Education took topographic point in brilliant edifices such as the Parthenon and Hephaisteion. which adorn the Acropolis and the Agora. the big unfastened country at the forepart of the Acropolis that consisted of the Athenian market topographic point and Public Square. ( Brickhouse & A ; Smith 1. p. 18 ) However. instruction took topographic point wherever and whenever. and the constructs of schooling. colleges. and establishments had non yet arrived. VII. Theory of Opportunity: Who is to be educated? Who is to be schooled? Socrates was the antithesis of elitist outlook. Socrates rejected “the chase of knowledge” for its ain interest as a psychotic belief and a trap. inasmuch as cognition. properly alleged is unachievable. and a trap. insofar as it draws us off from the survey of behavior ( World Wide Web. 2020site. org/socrates ) In other words. the chase of art. cosmology. or any specific subject blurred the quest for truth. The practical cognition that experts had in their several Fieldss was fiddling and unimportant to anyone but they themselves.

He wanted to educate. challenge. inquiry and argument work forces of ignorance misidentifying themselves as knowing. and by making so. to advance their rational and moral betterment. Socrates’ unfastened and non-dogmatic manner and his accent on what other individuals thought instead than on his ain thoughts led to several single subjects traveling their separate ways. The consequence was several outstanding schools. with the most influential being the Platonic doctrine. Even though Socrates rejected the “pursuit of knowledge” per Se. there are many contradictions evident to bespeak that he did see himself as an pedagogue whose end was to see others learn.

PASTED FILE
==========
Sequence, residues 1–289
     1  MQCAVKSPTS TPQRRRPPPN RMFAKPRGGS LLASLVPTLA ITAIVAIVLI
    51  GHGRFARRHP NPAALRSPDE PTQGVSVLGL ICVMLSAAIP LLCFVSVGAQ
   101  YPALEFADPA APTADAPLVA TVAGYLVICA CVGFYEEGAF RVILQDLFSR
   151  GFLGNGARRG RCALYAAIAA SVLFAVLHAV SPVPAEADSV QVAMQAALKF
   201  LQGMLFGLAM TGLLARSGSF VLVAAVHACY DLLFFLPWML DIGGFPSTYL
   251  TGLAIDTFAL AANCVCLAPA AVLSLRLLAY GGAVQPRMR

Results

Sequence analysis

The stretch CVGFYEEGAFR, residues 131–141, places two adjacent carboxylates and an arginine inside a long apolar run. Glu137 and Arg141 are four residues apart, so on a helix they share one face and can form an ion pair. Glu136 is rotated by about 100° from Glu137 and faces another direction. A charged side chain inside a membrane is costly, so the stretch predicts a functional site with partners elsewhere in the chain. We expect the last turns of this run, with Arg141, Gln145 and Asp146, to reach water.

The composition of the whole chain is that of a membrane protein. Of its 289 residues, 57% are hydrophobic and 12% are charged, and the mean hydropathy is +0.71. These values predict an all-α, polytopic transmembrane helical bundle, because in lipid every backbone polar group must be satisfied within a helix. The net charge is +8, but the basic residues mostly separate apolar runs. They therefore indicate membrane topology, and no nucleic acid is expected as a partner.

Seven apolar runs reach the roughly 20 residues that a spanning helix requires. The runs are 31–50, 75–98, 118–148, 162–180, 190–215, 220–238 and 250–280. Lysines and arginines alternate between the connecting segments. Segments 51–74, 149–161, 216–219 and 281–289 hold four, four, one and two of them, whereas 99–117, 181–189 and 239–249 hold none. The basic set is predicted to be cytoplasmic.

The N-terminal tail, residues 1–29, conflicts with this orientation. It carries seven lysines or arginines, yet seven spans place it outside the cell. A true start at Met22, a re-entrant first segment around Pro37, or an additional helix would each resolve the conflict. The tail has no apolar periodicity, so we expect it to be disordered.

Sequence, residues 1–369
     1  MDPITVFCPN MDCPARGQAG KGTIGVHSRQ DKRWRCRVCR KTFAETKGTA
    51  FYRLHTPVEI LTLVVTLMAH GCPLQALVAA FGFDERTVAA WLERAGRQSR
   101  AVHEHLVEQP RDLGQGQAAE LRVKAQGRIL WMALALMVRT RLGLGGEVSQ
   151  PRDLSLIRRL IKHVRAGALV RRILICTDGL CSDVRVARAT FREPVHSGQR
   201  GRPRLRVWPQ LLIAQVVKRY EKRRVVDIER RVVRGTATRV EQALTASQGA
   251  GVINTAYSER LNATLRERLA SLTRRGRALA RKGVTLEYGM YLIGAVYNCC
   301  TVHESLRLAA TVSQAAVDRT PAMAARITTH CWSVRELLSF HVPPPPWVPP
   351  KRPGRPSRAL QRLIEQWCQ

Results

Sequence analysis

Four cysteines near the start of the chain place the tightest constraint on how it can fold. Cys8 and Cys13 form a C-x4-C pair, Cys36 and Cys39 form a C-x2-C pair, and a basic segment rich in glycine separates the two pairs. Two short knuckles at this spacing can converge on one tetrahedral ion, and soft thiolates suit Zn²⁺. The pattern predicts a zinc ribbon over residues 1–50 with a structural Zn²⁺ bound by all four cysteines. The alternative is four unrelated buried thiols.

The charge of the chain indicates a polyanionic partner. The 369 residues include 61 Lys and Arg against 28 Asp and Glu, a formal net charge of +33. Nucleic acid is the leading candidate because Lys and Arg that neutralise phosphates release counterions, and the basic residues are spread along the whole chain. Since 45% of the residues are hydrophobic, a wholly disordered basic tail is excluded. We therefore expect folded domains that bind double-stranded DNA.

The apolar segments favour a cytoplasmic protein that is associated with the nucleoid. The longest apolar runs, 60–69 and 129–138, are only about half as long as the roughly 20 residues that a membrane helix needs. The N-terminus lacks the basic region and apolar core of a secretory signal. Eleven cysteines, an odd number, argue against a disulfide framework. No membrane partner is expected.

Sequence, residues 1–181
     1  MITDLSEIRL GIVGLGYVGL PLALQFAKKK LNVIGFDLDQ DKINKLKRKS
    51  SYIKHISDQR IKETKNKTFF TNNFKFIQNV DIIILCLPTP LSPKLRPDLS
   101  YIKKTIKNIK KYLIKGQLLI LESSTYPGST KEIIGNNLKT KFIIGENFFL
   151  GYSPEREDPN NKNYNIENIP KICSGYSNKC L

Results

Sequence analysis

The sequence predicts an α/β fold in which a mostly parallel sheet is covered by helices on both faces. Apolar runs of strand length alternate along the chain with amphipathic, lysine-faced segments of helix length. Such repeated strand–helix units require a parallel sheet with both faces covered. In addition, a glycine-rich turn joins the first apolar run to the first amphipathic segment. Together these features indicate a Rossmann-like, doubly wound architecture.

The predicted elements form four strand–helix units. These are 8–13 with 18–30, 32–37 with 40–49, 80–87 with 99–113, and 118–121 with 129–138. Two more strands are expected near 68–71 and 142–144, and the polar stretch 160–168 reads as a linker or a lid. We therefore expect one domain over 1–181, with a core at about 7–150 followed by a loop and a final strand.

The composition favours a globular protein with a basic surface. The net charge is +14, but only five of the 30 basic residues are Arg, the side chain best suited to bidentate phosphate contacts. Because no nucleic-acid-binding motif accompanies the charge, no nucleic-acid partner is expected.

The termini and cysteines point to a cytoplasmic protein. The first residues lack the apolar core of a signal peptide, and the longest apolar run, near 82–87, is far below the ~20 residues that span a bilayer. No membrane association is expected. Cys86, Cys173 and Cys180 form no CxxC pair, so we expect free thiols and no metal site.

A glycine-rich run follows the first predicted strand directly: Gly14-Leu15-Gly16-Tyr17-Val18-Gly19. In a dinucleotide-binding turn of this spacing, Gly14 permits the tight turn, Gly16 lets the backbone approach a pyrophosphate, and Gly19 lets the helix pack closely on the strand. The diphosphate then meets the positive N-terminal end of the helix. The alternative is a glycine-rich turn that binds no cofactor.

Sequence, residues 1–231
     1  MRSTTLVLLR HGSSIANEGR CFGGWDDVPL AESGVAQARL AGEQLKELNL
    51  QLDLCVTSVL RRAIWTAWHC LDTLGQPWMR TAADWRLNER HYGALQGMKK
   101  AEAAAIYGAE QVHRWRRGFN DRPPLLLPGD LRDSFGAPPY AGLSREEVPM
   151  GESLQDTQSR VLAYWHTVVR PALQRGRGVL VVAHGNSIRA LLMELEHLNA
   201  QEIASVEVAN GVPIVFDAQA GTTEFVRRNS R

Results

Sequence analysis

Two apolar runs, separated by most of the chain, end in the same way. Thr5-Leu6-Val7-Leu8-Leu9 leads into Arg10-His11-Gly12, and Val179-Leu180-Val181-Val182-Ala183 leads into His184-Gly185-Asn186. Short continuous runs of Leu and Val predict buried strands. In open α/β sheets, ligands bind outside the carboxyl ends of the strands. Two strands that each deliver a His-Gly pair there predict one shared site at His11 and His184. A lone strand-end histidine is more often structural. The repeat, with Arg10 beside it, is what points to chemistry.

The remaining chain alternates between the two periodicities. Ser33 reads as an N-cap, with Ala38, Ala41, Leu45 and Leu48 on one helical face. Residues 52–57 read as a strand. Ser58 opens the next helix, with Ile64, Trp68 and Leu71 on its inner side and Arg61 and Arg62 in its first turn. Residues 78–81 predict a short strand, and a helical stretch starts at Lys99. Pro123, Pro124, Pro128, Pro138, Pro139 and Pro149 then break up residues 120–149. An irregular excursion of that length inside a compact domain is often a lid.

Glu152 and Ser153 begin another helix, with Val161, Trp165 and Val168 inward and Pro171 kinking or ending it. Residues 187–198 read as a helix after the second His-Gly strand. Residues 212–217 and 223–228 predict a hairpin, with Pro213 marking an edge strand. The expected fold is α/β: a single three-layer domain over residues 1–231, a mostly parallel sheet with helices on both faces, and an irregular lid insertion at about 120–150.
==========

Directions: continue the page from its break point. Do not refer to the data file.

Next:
VIII. Theory of Consensus: Why do people differ? How is consensus achieved? Whose sentiment takes precedency? Socrates’ chief focal point throughout his public instruction life is the geting by the person of self-knowledge. He believes that goodness and truth. positive kernels and pure ethical and moral inherent aptitudes are placed at that place divinely in the psyche. ( World Wide Web. san. beck. org/c & A ; s-compared. htm # 6 ) However. they are non brought to consciousness unless they are awakened or learned. Therefore. consensus on the of import things in life is merely below the surface waiting to be acknowledged.

It is the fate of world to seek out virtuousness such as bravery and self-denial. or properness over the desires of aspirations or emotions that cloud the quest for truth. The construct of ignorance is what stands in the manner of consensus and that one time one realizes that he does non cognize. a alteration in any dissension can happen. If we can acknowledge the value of virtuousness. we so can use it and better the quality of our lives. It will take precedency over personal power and the satisfaction of desire and pleasance. The life-long chase of self-reformation. the desire for wisdom is merely come-at-able when 1 can see their ain mistakes and failings and negative inclinations.

Appendix 2
The Accusations Against Socrates